Word! datatype

1. Abstract

A word! is a symbolic value that can be used like a variable, an identifier that refers to a value in a given context.

Words do not store values, they point to values in a given context, and will default to the global context when no context is provided.

Word! is a member of the following typesets: any-word!, all-word!, immediate!

1.1. Word Variations






Refers to a value in a given context.



Sets a reference to a value.



Gets a value without performing evalutaion.



Suppresses evaluation. The literal value "word".



Evaluates the word as a refinement.

2. Creation

Word! values can be created using literal syntax, or at runtime using a to conversion from the datatypes: char!, logic!, string!, datatype!, issue!, and refinement!.

>> to word! #"X"
== X

>> to word! true   ; returns a word representation of the value
== true

>> to word! "Hello"
== Hello

>> to word! float!  ; returns a word representation of the value
== float!

>> to word! #hi
== hi

>> to word! /deep
== deep
Attempting to convert none raises an error.

3. Literal syntax

One or more characters from the entire Unicode range, including punctuation characters from the ASCII subset: ! & ' * + - . < = > ? _ | ~`

Words are case-insensitive. Changing any letter in the word into the corresponding upper-case or lower-case variant does not create a different word.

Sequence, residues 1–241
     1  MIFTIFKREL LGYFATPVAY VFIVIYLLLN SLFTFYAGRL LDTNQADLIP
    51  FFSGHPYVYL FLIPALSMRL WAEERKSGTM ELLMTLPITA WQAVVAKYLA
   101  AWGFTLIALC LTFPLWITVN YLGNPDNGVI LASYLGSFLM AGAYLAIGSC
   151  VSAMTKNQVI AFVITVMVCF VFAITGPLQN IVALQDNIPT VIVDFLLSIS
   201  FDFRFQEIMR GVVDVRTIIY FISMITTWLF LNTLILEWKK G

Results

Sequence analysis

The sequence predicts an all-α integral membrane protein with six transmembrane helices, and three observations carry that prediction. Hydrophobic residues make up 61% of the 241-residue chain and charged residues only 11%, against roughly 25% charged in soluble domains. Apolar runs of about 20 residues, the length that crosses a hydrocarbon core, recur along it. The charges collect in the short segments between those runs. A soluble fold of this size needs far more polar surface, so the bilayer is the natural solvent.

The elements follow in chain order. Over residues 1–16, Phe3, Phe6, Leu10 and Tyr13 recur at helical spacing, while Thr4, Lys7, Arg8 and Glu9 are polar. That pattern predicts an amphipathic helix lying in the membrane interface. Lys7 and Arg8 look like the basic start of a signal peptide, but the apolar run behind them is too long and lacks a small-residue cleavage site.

Illegal characters are control characters, whitespace characters, and punctuation characters from the ASCII subset: / \ ^ , [ ] ( ) { } " # $ % @ : ;

A word! value cannot begin with a number.

4. Evaluation Steps

  • Find the context that the word is bound to.

  • Get the value that is refered to in the context.

  • Check the type of the value:

    • If no value exists, the type is unset!, and an error is returned.

    • If the type of the value is in the any-function! typeset, call the function.

    • Otherwise, return the value.

5. Comparisons

All comparators can be applied on word!: =, ==, <>, >, <, >=, <=, =?.

6. Testing values

Use word? to check if a value is of the word! datatype.

>> word? first [let us code]
== true

Use type? to return the datatype of a given value.

>> type? first [let us code]
== word!

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